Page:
The Long Run, Hubris

NewbalanceToday I ran as long as I ever have (1 hour, 5 minutes) without agony. The only pain I experienced was some aching feet at various times but I will say that around 40 minutes in I believe I may have been in "The Zone." I cannot say for sure for it happens so rarely, but I was not really seeing the world passing me and I felt bursts of energy and was more focused on my breath than on passersby.

The combination of a temperature below 80, lack of terror over work not done (work is still not done, but it seems manageable), a breeze, trees, a determination to keep going until my playlist finished. I have run for longer, but I have not enjoyed it as much.

I have not yet hit on the perfect running playlist. It seems very clear, however, that the best songs for running are those by artists whom I would never in a million years listen to outside of the context of running. Certain songs are ringers; I never get sick of them, they make me go faster, and I cringe to think of how much I would hate them if heard outside of the running context. I wouldn't even call them "guilty pleasures" because I don't feel guilty about them. And they're only pleasurable in this distinct situation:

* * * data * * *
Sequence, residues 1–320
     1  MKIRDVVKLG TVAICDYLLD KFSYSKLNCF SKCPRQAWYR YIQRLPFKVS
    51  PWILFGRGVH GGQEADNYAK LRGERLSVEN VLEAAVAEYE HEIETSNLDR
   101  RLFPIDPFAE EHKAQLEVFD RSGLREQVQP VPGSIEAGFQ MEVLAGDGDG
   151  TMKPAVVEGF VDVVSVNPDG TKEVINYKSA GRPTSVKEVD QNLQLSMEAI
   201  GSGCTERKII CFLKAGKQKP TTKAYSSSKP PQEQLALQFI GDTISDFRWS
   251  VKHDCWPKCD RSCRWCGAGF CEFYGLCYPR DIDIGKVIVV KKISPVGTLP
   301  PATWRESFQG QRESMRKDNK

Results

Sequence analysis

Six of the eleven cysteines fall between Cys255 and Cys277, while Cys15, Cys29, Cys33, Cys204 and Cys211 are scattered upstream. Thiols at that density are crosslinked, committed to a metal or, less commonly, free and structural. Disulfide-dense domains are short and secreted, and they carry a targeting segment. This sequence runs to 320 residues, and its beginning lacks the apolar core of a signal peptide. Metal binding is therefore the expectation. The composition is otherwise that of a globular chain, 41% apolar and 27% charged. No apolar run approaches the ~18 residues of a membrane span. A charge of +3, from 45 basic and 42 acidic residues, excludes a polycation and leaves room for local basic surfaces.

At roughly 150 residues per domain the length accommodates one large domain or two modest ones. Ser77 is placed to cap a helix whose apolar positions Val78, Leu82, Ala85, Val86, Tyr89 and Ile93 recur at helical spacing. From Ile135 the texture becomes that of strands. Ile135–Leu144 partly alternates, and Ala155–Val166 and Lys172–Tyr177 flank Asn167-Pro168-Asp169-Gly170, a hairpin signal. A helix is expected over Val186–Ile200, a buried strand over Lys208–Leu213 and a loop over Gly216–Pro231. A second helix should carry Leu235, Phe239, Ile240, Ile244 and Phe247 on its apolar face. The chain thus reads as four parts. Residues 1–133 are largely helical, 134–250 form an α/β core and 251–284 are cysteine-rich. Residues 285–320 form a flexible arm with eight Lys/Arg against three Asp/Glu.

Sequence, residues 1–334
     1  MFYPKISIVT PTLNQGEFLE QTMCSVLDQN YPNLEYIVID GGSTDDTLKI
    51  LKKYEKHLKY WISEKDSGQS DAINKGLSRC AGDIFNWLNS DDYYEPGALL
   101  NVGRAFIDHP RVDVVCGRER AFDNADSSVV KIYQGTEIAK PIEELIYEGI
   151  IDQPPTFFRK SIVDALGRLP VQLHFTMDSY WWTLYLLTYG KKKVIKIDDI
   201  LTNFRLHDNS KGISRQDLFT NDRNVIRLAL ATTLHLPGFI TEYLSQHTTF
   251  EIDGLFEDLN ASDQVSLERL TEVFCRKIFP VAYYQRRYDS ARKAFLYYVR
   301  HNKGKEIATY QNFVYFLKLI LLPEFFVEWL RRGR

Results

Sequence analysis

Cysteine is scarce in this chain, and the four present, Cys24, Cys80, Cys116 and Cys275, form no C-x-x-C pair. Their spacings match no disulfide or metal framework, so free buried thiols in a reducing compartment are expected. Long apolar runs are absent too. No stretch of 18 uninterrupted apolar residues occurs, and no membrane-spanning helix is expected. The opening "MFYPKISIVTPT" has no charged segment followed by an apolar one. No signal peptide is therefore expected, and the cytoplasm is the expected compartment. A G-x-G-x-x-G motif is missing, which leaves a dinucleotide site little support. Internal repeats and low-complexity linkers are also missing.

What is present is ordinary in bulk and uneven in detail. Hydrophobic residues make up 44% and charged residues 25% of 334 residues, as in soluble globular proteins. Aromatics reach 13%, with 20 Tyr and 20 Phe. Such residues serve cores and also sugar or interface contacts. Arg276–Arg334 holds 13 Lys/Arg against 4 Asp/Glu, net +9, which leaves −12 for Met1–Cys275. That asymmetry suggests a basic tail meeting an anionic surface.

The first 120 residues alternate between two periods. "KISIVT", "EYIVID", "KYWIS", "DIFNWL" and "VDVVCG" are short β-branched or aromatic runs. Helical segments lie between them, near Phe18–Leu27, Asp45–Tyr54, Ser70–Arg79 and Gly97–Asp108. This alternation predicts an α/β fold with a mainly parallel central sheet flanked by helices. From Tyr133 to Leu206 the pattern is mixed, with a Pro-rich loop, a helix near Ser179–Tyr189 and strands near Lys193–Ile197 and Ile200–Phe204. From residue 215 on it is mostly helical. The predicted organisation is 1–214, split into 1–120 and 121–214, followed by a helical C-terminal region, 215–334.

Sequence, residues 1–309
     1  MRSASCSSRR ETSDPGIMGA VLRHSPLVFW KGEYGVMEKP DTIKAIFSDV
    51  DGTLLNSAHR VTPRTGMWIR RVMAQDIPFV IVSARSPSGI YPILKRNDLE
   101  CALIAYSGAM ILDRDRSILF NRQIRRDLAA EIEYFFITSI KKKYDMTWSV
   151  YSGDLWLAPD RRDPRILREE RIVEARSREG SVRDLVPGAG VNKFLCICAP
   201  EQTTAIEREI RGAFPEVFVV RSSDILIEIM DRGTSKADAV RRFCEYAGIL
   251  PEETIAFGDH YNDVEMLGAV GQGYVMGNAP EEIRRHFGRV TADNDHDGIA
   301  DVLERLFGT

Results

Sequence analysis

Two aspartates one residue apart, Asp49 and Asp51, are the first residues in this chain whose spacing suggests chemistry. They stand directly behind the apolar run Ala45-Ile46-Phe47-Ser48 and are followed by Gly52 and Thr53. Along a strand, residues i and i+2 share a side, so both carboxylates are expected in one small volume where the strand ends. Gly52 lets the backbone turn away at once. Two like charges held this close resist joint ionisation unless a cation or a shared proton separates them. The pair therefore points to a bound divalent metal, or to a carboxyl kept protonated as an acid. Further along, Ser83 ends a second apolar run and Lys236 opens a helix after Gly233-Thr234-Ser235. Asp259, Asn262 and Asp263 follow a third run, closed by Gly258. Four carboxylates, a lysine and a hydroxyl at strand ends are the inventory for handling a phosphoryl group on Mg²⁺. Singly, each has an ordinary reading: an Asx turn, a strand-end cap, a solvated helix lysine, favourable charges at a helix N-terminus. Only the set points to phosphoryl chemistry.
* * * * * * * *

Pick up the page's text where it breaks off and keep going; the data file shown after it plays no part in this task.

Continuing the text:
"Holiday," by Green Day
"Let's Get Loud," by Jennifer Lopez
"Without Me," by Eminem
"Hey Ya," by Outkast
"The Middle," by Jimmy Eat World
"Lose Yourself," by Eminem
"Holla Back Girl," by Gwen Stefani (or is it No Doubt?)
"Hung Up," by Madonna

OK, looking at that list, I'm a little grossed out. I haven't even put some of the worst ones down because I'm not sure how I feel about "Absolutely Not (The Super-Extended Remix)" by Deborah Cox--I may be unable to stand it. It should be noted that the reverse is true as well: music I like normally is no good for running. (Whenever "Cuando" by Si*Se comes on, I lose the will to go on. I must remove this song from the mp3 player immediately.)

As is evidenced by the sample of music I listen to when exercising, while I am an advocate of humility in most every forum, there are certain areas in which I think hubris is acceptable, one of those areas being exercise. Without hubris, without songs extolling hubris, exercise is a bore. Humility in exercise is admitting defeat before beginning. I don't know if hubris would work for team sports, but for solitary endeavors, the "I'm so awesome, no one can beat me, eat my dust little old lady pushing cart full of cans" thought process can only help.

Other situations in which hubris might serve one well:
1. Firefighting
2. Standing up to bully
3. Giving birth
4. Being Jack Bauer